“It is well known that the females and males of many insects can have opposing interests regarding various aspects of mating. But it is highly controversial for this conflict actually to lead to evolutionary arms races between the sexes of one and the same species,” says Johannes Bergsten.
The bodily structures of the diving beetles involved in this arms race are the suction-cupped front and medial feet of the male and various modifications of the dorsal side of the female. The male uses his suction cups to grab hold of the female during mating by pressing them against the female’s back, neck shield, or wing sheaths. But precisely in the places the male tries to fasten his suction cups, the female diving beetle has different sculpted areas in the form of furrows, warts, tufts of hair, etc. that make it impossible for the male to get a grip.
To establish an evolutionary process spanning millions of years, it is necessary to look back in history with the aid of a family tree. Work to determine a family tree for the group of diving beetles that Johannes Bergsten has studied took him to China, Japan, Russia, Canada, the U.S., Portugal, and Sardinia, among other places, for the collection of materials. The materials collected were used to sequence DNA from three different genes that were used, together with similarities and differences in body structure, to set up a family tree. Moreover, these travels led to the discovery of new species of diving beetles in China and the U.S., one of which is described in the dissertation.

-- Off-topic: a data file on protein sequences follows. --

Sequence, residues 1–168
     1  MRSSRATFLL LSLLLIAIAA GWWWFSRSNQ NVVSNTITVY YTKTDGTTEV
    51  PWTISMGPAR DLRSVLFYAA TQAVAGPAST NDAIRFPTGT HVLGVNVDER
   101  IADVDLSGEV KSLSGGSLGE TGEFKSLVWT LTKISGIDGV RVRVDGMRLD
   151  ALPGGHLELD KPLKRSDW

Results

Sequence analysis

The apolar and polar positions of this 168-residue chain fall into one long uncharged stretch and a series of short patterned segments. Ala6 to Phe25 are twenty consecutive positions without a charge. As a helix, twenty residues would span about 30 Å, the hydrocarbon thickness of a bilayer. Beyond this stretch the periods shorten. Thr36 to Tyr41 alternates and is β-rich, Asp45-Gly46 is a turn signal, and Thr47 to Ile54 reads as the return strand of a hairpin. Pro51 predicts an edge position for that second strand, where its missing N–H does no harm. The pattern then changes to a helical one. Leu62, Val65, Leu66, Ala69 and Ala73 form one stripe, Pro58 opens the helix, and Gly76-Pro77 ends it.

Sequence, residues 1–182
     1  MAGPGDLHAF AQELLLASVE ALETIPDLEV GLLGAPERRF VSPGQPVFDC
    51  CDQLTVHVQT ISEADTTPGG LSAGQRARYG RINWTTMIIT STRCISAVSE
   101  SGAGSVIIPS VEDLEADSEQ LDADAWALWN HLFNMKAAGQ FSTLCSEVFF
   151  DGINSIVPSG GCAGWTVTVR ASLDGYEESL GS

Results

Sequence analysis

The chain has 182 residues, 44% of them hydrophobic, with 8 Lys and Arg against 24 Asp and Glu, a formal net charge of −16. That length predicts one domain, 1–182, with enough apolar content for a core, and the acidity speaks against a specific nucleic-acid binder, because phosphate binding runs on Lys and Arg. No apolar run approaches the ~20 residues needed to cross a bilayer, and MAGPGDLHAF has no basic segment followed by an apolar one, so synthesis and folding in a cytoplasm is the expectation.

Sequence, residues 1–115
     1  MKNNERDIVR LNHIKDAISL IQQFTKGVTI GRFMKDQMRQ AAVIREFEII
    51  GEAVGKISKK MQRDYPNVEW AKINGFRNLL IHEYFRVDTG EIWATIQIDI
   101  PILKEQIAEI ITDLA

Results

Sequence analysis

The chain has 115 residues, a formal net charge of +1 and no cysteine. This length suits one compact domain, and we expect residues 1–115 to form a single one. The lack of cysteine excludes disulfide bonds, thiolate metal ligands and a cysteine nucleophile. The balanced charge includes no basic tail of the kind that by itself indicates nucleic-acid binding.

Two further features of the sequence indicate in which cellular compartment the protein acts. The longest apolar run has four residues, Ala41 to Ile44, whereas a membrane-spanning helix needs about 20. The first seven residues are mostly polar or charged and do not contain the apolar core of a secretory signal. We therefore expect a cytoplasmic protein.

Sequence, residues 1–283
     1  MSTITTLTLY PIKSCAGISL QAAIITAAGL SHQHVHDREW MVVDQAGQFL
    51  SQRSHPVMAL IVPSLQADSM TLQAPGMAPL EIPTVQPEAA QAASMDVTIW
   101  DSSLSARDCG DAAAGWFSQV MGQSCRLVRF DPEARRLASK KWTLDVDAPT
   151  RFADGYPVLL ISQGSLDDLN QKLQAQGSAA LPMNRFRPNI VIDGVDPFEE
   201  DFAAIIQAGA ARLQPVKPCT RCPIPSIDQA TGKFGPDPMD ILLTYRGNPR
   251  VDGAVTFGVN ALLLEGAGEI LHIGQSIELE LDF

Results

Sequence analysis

Bergsten has also devoted a great deal of time to a special problem that can occur in family-tree analyses of DNA data. Family tree analyses are used to understand the origin of life, including the place of humans in the tree of life, which comprises all living organisms on earth. The molecular revolution in biology has created incredible potential for family-tree analysis using DNA sequences, but it has also entailed new difficulties and traps. Understanding just when and how these analyses can go awry is crucial in all research based directly or indirectly on family trees. The problem of “Long-Branch Attraction” involves the grouping together of branches despite the fact that they are not closely related.
This problem is well known on theoretical grounds, but how or whether it actually affects family-tree analyses has been called into question. Johannes shows how common the problem is, how it can be discovered, and how to get around it. One example of incorrect conclusions caused by the LBA problem is the fact that the hedge hog was seen as belonging to the oldest line of placental mammals and as being not at all related to the mole and the shrew, and that the guinea pig was seen as not being a rodent, like the rat and the mouse.